Shape Modeling and Object Recognition
Shape modeling is to represent generic object geometry by a number of models which account for the regularity and variablity of natural objects. Shape modeling is the fundation for object recognition under change of pose, deformation, and varying lighting coditions. However, this is an extremely hard problem, and most of the mathematical studies appear to be totally irrelevant to natural object shape description. Key questions are:
1. What are the domain or coordinates for shape description? In what mathematical spaces do natural shape live?
2. How do we define a meaningful metric (distance measure) in such space?
3. There is no distinct boundary between shape and texture, can we construct shape models living in a continuous spectrum of texture models?
The recent study of texture theory indeed shed light on shape modeling, and we feel these problems can be answered in near future. In our group, we made four attempts to study shape models, mostly on 2D outlines of objects. We are planning for the 5th project on shape sketch which works on both contour and inner curves.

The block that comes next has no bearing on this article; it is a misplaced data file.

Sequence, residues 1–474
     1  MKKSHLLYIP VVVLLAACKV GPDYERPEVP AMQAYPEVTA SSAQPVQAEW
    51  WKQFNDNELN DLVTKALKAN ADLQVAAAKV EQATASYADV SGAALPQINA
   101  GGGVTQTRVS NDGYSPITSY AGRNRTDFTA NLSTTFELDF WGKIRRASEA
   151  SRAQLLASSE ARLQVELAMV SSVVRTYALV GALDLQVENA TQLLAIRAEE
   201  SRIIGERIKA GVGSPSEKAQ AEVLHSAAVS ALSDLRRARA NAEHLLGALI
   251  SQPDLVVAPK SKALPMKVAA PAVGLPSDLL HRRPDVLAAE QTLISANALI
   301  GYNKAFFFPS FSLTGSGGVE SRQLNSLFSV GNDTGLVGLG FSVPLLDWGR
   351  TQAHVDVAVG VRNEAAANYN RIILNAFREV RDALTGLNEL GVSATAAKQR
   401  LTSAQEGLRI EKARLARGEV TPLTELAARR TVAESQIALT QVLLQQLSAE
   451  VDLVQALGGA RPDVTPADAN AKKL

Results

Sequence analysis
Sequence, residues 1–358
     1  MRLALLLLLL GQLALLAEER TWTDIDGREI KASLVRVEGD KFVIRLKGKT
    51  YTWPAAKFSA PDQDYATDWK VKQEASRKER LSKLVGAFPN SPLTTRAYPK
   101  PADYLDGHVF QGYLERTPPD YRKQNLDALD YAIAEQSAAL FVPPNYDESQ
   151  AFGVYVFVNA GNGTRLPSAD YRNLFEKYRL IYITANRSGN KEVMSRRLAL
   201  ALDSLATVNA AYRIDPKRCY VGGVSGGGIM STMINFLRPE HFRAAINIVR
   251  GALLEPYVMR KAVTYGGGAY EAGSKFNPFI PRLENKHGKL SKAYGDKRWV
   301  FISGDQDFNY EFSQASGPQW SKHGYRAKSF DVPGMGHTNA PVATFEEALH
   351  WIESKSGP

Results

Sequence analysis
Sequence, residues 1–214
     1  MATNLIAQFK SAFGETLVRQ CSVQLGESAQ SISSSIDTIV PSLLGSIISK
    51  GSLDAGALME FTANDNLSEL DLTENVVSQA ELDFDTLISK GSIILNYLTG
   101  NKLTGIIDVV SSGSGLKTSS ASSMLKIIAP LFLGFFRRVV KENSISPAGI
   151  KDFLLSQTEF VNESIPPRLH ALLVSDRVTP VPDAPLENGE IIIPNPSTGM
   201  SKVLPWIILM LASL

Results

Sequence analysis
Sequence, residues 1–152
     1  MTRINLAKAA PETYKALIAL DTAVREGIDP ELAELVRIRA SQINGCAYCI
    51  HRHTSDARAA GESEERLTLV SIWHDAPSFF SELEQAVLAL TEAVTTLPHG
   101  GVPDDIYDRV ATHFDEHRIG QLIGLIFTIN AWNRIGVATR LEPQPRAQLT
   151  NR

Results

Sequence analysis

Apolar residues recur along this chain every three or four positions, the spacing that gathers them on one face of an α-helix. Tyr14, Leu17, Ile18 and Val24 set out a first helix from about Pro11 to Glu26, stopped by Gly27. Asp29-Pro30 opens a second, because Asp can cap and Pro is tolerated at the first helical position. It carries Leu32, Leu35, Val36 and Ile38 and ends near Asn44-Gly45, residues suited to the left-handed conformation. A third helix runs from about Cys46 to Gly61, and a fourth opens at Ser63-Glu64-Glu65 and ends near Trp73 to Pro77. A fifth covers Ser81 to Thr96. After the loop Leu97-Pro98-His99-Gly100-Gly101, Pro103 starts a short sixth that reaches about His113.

1. FORMS: a Flexible Object Recognition and Modeling System, 1993-95 ---a generative region-based shape model.
2. Stochastic medial axis and Gestalt laws in Markov random fields, 1997-98 --- a descriptive shape model.
3. Shape representation by a sum of linear bases 2000-02 --- a contour-based linear additive model.
4. A sketch model of shape 02-?? --- a generative model integrating both contour and region based descriptor.
5. Shape metrics and morphing 02--??
Outside our group, there are many good work by David Cooper, Ben Kimia, David Mumford and Peter Giblin at Brown University.